Make your J-Link less annoying with this two-wire 3.3V power hack

I love the J-Link — it’s extremely fast, reliable, and works with basically everything. The J-Link EDU has been a big hit with students and hobbyists who just want to get stuff done (instead of messing with open-source debug adapters) — and at only $60, it’s a no-brainer.

While Segger tried to build a debug adapter that can be everything to everyone, they made some engineering decisions that are well-intentioned, yet somewhat annoying:

  • No 3.3V output to power your target. Even though 99.9% of MCUs you hook up to this thing are going to run off 3.3V, the only voltage output Segger provides is a software-switchable 5V supply (that no vendor IDE allows you to easily enable).
  • You must feed the IO voltage level back into VTref. This allows the fancy logic-level converters to operate at the proper voltage for your target — which 99.9% of the time is running off 3.3V.

If you have two wires and a soldering iron, this is easily remedied, though.

We’re going to pop off the high-side switch controlling the 5V supply, and repurpose that pin to carry 3.3V from the internal regulator. We’ll route this to the NC across from VTref so we can bridge it with a standard 0.1″ jumper. Here’s the game plan:

I tried this on my personal EDU version of the J-Link, but this should work great on other J-Link models (which mostly share identical hardware).

Start by prying open your J-Link by targeting the flexures on the side (don’t bother popping off the rubber feet or sticker on the bottom — there’s no screws under there).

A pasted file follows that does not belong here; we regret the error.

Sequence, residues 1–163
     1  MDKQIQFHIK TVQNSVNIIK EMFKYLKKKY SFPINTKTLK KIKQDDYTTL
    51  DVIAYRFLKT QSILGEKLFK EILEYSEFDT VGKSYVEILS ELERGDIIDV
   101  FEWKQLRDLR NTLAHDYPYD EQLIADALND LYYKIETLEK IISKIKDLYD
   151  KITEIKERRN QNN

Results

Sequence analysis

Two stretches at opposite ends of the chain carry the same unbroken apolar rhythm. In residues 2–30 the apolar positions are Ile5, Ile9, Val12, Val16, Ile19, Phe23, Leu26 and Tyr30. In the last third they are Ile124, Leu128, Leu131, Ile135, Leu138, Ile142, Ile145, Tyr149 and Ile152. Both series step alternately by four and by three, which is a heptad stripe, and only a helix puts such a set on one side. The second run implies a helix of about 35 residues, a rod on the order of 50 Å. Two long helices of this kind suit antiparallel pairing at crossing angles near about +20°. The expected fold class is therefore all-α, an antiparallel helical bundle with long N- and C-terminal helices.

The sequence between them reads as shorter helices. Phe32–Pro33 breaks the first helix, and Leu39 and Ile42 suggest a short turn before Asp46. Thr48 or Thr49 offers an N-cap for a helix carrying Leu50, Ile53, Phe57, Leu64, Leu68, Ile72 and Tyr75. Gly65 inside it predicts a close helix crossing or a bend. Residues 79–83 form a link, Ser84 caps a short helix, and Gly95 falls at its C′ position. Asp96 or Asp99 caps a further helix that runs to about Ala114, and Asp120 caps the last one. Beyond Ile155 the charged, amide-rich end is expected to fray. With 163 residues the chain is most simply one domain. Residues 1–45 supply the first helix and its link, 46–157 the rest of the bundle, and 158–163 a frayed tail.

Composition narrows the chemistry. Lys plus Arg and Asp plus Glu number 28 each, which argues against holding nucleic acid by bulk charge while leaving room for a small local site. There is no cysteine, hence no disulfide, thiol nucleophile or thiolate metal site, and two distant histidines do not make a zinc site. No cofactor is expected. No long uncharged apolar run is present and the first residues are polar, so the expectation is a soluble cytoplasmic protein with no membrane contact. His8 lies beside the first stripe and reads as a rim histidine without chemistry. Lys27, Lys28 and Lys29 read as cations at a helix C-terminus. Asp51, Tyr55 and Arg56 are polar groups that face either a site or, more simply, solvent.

Resist your urge to feel angry that you blew lots of money on a microcontroller and some 15-cent level shifters.

After you crack open the J-Link, you’ll notice a 3.3V regulator on the right (supplied from USB VBUS). You’ll notice a transistor in a high-side switch configuration in the top-left next to the screw.

Simply pop off that transistor (we don’t want to inadvertently back-feed the 3.3V regulator with 5V!), and solder a wire from the regulator to the connector:

Next, flip the board over, and connect pin 19 to pin 2:

Put it back together, install a jumper, and use your silliest-looking chicken-scratch handwriting to label your accomplishment:

Once it’s done, you won’t be needing that bench supply anymore — just wire up your debugger to your target and go!

Notes: You can always switch back to an arbitrary VTref by removing the jumper. I didn’t take the time to try to identify the 3.3V regulator, but given its SOT-23 package, I wouldn’t pull more than 100 mA from it without inspecting the package for overheating. If you have an older model with an 1117 regulator on it, you’re good to 800 mA. In any case, use your brain, and remember this hack offers no overload current protection, and if you were to accidentally back-feed this with something other than 3.3V, at best, you’d fry the regulator, and at worst, you’d fry the $3 MCU that turns your $300 debugger into a paperweight.

Happy JTAGing!

Comments (12)

Hi Jay,
Thank you very much for this patch. It makes an interesting modification for people willing to modify their debug tool.
However, from a commercial/professional point of view, there is an authorized version to achieve this. The 5V is there for backwards compatibility. To get the 3.3V, there is an adapter:
If you do not need the 3.3V, but do not want to feed the VTref, you can use the following:
With the adapters the built-in protection of the J-Link remains active.